During one of my visits to the Central Highlands, an ethnic minority Christian told me that his sister, a member of the dissenting church, was led into the jungle and executed after the police repeatedly warned her to stop proselytizing. “She is buried somewhere near Cambodia, but we do not know where,” he said. He, too, had been persecuted for his faith.

This same man who had suffered so much longs to escape the oppression of his government. But he is hopeful for change in Vietnam. He is hopeful that he will someday be free and he has confidence in his hope. If you will go to Vietnam, you will see this hope on the faces and in the stories of many of the people.

I, too, am confident that the tree of liberty, nourished with the blood of American patriots, will eventually bear fruit in Vietnam. The roots of freedom are far too deep.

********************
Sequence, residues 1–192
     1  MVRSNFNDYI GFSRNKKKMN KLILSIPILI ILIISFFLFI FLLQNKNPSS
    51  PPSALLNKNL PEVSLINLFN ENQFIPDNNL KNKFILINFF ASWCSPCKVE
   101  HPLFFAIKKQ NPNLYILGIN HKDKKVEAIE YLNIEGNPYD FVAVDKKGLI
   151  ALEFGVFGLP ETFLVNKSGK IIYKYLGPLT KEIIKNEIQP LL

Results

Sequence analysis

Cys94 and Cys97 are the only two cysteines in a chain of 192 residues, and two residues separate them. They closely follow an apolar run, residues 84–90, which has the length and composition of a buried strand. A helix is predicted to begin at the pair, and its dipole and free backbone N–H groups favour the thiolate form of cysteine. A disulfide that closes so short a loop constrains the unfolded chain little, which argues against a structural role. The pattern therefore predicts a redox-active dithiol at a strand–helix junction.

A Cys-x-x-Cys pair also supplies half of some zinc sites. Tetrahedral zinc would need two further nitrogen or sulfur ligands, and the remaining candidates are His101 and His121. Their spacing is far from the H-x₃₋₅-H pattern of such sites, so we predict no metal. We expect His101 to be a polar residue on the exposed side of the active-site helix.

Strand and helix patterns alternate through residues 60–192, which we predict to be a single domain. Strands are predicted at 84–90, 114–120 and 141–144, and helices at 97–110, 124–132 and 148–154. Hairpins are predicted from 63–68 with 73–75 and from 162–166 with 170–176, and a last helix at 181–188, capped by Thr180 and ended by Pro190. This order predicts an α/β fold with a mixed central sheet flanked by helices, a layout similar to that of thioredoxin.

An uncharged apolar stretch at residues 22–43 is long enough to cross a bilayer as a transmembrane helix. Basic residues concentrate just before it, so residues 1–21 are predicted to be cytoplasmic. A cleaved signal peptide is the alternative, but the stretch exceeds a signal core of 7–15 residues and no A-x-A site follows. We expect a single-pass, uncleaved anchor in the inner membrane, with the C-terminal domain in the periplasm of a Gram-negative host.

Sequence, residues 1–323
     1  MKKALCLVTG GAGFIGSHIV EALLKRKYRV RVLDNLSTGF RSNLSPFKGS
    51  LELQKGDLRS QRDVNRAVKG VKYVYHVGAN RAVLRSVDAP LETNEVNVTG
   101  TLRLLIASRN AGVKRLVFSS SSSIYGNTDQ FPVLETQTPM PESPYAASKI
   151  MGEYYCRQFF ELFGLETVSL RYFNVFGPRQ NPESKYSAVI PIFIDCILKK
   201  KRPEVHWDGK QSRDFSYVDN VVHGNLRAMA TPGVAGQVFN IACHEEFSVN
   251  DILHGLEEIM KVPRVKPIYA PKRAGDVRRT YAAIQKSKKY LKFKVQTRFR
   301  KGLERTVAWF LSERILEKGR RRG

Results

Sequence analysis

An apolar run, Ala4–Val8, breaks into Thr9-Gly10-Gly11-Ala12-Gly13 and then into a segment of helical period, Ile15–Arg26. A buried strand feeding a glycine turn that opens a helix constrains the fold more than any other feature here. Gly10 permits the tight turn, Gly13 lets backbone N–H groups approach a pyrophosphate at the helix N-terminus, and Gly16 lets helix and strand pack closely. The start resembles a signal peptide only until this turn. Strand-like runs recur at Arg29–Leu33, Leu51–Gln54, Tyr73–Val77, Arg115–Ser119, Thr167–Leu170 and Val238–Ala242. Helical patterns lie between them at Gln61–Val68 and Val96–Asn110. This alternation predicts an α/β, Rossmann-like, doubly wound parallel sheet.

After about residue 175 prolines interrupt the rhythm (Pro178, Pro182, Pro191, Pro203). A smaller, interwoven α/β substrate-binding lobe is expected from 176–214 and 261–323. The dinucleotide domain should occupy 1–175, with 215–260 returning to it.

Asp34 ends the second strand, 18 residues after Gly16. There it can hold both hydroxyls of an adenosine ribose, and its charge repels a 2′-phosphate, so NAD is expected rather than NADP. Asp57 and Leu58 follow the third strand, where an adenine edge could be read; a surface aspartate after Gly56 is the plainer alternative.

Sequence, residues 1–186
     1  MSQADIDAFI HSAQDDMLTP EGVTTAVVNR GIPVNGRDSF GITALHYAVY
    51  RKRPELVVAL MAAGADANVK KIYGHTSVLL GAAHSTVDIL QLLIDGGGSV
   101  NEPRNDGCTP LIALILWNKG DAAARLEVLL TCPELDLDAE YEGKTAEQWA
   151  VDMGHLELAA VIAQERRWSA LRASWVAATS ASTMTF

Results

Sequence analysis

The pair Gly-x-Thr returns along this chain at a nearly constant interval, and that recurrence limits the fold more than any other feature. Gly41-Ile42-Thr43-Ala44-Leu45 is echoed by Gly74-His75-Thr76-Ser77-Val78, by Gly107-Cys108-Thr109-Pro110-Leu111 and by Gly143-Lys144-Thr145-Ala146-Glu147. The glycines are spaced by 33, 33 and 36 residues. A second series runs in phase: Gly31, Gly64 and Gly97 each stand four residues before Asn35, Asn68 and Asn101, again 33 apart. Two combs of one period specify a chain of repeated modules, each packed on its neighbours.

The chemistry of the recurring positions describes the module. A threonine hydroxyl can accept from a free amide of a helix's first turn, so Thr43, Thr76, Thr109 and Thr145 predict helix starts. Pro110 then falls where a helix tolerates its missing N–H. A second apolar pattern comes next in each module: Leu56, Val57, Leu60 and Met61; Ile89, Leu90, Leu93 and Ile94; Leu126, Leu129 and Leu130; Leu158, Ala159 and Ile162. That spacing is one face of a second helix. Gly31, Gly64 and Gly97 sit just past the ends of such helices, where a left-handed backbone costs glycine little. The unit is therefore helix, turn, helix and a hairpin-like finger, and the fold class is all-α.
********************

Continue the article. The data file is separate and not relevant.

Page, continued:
A new generation of Vietnamese who cannot recall a time of war will eventually gain power in the country. They then will be faced with the choice between isolation, repression and poverty, or international acceptance, liberty and economic cooperation.

When they are faced with that choice, I believe this new generation of leaders will accept the inevitable strides of liberty, and then wonder why they waited so long to grant freedom to the citizens of Vietnam when Americans tried to do just that more than 30 years ago.
Gregory Tomlin is director of public relations at Southwestern Baptist Theological Seminary in Fort Worth, Texas. He is the author of a doctoral dissertation, “Hawks and Doves: Southern Baptist Responses to Military Intervention in Southeast Asia, 1965-73.” He has been to Vietnam four times. He can be e-mailed at [email protected].

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  • Gregory Tomlin